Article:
Intrigued by wild mushrooms? We caught up with the experts behind The Mushroom Forager, who will be leading a foraging workshop with GMC later this week (August 28; 10 AM-12:30 PM). Learn more about writer, instructor and lecturer Ari Rockland-Miller and business manager and creative director Jenna Antonino DiMare below, then sign up for the weekend workshop!
Ari, What sparked your interest in mushroom foraging?
Ari: “I have always been fascinated by wild mushrooms, and got my first field guide at age ten but lacked an adult mycological mentor as a child. I became even more passionate about gourmet edible mushrooms after college when I managed the MacDaniels Nut Grove, an agroforestry research/education site on the Cornell campus. Seeing the way wild mushrooms, like golden chanterelles, spontaneously fruited out of the soil – not far from the cultivated shiitake logs – inspired me to learn as much as I possibly could about how to safely enjoy wild mushroom hunting.”
As a self-taught forager, where did you learn ethics around harvesting and how do you incorporate it into your workshops, Ari?
Ari: “As mushroom hunters, ethical wild harvest and stewardship of the forest ecosystem – essential for thriving mushroom populations – is extremely important to us. When you harvest a wild food, there is a sense of gratitude and responsibility to respect the resource and the overarching ecosystem. At our workshops we always highlight our guidelines and recommendations for a sustainable, ethical harvest; including always leaving the majority of a patch in the ground and considering the long-term integrity of the landscape. While carefully picking a mushroom fruiting body is more akin to picking an apple off a tree than chopping down the tree; the underlying mycelial network is integral to forest health and mushrooms themselves contain spores which foster genetic diversity and resilience.”
Ari, you’ve talked about how foraging helps you learn the patterns of nature. Could you expand on the importance of that?
Ari: “Understanding wild mushroom fruiting patterns intrinsically requires an awareness of trees, forest ecology, and ecological patterns. For example, maitake (hen of the woods) almost exclusively fruits under mature oak trees in autumn; while black trumpets favor mossy patches and beech trees. It is important to be aware of factors including the forest composition and stage of succession, pitch/aspect, as well as elevation and where you are in the watershed.”
Jenna, did you always love to cook, or has the foraging helped shape this past time?
Jenna: “I grew up in an Italian family where food and cooking were a central part of my upbringing. I have very early memories of making ravioli in the kitchen with my grandmother, and by age 9, I cooked dinner for my family once per week with great enthusiasm. To this day, I am a passionate home cook and love to feature seasonal, local ingredients – wild mushrooms are always a treat to include in any meal during the mushroom hunting season here in Vermont.”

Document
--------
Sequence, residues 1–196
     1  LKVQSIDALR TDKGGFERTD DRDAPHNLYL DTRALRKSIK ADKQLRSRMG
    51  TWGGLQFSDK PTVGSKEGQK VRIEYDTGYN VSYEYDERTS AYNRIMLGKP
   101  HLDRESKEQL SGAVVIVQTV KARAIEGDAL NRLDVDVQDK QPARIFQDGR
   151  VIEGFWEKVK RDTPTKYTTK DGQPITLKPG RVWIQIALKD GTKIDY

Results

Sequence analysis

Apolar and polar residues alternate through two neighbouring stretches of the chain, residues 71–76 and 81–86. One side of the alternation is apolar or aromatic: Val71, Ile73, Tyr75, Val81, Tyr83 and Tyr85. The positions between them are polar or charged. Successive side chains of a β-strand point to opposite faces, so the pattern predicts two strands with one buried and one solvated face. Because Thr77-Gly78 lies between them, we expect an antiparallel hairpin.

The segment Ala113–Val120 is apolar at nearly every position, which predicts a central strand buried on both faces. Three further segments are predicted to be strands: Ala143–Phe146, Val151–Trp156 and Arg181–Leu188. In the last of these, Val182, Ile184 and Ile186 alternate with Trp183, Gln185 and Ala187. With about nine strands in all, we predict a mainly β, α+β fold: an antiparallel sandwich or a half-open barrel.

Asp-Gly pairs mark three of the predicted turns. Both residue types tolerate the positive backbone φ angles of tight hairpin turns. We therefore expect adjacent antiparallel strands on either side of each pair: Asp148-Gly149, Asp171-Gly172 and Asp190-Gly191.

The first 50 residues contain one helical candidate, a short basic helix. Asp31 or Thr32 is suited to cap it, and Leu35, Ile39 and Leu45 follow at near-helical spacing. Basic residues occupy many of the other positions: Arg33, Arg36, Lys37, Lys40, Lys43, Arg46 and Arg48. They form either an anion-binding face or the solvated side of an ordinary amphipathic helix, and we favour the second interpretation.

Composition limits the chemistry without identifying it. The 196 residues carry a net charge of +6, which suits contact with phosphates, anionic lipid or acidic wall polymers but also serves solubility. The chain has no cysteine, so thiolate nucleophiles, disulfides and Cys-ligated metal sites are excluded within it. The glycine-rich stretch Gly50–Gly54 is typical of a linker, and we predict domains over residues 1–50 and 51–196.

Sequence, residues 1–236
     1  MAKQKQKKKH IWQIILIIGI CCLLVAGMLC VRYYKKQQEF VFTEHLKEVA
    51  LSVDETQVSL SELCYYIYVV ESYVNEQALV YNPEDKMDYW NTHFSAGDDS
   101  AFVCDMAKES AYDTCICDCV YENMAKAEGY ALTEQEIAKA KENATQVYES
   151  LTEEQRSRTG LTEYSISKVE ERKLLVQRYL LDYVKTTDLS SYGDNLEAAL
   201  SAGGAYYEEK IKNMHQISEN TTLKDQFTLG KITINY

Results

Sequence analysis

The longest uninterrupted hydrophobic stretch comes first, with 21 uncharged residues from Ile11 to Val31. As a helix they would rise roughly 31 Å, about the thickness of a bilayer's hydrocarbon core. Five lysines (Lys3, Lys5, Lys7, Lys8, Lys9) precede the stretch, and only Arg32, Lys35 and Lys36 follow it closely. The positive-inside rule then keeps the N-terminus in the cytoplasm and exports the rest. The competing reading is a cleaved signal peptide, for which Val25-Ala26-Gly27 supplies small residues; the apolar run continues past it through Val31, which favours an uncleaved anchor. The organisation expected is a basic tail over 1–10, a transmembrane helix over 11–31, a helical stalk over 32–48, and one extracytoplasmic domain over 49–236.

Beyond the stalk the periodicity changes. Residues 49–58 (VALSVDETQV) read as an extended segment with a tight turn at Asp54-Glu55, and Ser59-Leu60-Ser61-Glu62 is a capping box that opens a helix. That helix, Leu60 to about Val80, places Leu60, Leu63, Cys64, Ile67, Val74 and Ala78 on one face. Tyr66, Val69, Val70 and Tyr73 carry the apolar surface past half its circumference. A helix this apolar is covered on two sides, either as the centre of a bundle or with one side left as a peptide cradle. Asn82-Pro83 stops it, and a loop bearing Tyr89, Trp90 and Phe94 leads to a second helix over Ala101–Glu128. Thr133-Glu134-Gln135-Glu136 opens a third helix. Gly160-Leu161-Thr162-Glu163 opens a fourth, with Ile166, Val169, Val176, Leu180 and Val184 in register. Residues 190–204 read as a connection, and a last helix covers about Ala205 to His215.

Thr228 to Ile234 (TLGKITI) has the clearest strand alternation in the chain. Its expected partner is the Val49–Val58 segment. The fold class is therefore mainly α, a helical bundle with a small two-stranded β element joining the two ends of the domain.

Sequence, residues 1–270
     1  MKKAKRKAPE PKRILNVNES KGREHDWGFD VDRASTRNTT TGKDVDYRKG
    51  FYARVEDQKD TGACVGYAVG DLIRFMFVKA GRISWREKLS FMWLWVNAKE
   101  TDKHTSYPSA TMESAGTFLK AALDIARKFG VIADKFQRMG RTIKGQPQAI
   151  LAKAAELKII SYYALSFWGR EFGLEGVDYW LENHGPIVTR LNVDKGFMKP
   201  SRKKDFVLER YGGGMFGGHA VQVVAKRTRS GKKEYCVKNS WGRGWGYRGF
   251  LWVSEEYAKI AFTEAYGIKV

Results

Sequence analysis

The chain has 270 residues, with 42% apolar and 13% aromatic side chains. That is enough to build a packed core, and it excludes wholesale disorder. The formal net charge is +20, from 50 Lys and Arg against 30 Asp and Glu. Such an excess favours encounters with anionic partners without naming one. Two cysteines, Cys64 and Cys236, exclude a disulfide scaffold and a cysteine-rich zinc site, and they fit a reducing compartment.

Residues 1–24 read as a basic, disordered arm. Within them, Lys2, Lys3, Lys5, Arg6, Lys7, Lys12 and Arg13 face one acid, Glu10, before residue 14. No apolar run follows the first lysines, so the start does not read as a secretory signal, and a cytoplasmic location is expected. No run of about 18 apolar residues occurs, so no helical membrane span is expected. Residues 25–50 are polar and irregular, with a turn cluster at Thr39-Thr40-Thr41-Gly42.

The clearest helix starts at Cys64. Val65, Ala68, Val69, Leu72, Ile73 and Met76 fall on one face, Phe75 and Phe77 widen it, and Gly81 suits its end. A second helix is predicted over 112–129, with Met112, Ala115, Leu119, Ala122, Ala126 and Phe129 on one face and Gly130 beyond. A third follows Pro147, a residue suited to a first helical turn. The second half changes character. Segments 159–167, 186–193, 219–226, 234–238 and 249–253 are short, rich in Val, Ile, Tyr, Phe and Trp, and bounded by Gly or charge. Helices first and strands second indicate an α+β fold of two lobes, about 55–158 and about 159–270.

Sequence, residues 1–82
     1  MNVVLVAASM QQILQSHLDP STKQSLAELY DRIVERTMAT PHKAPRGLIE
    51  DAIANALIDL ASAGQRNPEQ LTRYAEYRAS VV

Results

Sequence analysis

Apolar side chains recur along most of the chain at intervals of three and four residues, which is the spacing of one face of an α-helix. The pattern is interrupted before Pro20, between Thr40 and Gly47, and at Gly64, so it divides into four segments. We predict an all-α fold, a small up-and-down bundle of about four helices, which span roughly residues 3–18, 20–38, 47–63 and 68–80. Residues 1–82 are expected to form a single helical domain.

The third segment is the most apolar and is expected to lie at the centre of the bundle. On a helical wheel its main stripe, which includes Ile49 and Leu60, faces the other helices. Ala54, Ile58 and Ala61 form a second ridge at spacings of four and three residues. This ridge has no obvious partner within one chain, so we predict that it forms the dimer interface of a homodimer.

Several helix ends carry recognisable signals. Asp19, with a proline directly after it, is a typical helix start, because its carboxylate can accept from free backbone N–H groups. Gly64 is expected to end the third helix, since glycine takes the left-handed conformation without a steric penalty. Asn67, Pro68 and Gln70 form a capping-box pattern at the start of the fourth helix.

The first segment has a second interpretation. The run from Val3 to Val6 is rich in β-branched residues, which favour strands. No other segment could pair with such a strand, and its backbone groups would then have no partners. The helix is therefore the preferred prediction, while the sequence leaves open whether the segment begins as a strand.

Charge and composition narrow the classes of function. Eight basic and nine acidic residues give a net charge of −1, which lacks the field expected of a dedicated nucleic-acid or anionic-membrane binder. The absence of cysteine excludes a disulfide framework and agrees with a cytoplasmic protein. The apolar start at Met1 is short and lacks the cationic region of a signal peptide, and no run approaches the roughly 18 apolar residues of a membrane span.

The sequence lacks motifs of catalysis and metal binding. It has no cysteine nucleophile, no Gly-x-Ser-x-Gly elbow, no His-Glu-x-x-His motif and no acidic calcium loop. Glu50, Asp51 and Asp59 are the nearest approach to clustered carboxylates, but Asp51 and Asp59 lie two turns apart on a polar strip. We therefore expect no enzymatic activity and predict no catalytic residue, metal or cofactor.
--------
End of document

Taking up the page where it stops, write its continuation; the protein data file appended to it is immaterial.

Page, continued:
What is the family’s favorite mushroom dish?
Ari: “When we are lucky enough to find a hefty fall harvest of hen of the woods, a cream of maitake soup is divine.”
Jenna: “Simple preparations of wild mushrooms are also often our favorites! We love roasting oyster mushrooms in the oven for 25-30 minutes at 400 degrees tossed with olive oil, fresh herbs and salt. Also, many of our favorite wild mushrooms like porcini, hen of the woods, chanterelles, black trumpets, morels and lion’s mane are excellent when simply sautéed and seared in a cast iron pan with olive oil or butter and salt to taste.”
What is your experience with foraging mushrooms as a family activity?
Jenna: “It has been a joy to witness how much our children have grown to love mushroom hunting with us, and searching for gourmet mushrooms as a family is always a delight. Our 8-year-old Eliana and 3-year-old Noemi are both true mycophiles. They both adore the magic of the hunt itself and covet the gourmet wild mushrooms when we return home to eat them. I’ve been impressed with their identification skills, ethic, care and caution; and their lower stature to the ground makes them particularly well poised to find some of the more camouflaged mushrooms like black trumpets and morels.”
What sorts of mushrooms can folks easily identify this time of year (late summer)?
Ari: “Workshop participants will receive our ForageCastTM handout highlighting distinctive and delicious species in season in late summer. No mushroom is foolproof, and some species in our region can be deadly poisonous, so beginners should always be prudent and confirm finds with an expert. However, some of the more easily identified species of late summer include black trumpets and hedgehog mushrooms.”
What do you most enjoying sharing with folks during the workshops, and what can folks expect at the upcoming one through GMC?
Ari: “We love sharing our passion for wild mushrooms with others, and we are inspired by the myriad mycophiles who have joined our forays and programs throughout the years. At GMC, participants can expect a guided foray with an eye toward safely and fruitfully pursuing gourmet summer mushrooms. We are also excited to share a tasting with participants at the end of the program, featuring some of our favorite simple, tried and true mushroom preparations.”